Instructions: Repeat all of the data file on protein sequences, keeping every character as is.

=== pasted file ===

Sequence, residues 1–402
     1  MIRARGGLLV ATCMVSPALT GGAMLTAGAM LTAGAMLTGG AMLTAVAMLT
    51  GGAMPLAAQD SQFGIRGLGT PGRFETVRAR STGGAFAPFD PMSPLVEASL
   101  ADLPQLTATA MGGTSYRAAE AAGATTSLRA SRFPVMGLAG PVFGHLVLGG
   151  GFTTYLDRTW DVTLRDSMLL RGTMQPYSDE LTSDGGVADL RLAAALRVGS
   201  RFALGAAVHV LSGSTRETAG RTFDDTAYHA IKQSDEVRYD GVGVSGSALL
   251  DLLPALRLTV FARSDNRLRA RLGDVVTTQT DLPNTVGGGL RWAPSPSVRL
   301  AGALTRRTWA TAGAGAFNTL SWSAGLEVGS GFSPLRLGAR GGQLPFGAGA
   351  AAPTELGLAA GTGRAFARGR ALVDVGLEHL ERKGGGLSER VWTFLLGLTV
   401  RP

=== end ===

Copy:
Sequence, residues 1–402
     1  MIRARGGLLV ATCMVSPALT GGAMLTAGAM LTAGAMLTGG AMLTAVAMLT
    51  GGAMPLAAQD SQFGIRGLGT PGRFETVRAR STGGAFAPFD PMSPLVEASL
   101  ADLPQLTATA MGGTSYRAAE AAGATTSLRA SRFPVMGLAG PVFGHLVLGG
   151  GFTTYLDRTW DVTLRDSMLL RGTMQPYSDE LTSDGGVADL RLAAALRVGS
   201  RFALGAAVHV LSGSTRETAG RTFDDTAYHA IKQSDEVRYD GVGVSGSALL
   251  DLLPALRLTV FARSDNRLRA RLGDVVTTQT DLPNTVGGGL RWAPSPSVRL
   301  AGALTRRTWA TAGAGAFNTL SWSAGLEVGS GFSPLRLGAR GGQLPFGAGA
   351  AAPTELGLAA GTGRAFARGR ALVDVGLEHL ERKGGGLSER VWTFLLGLTV
   401  RP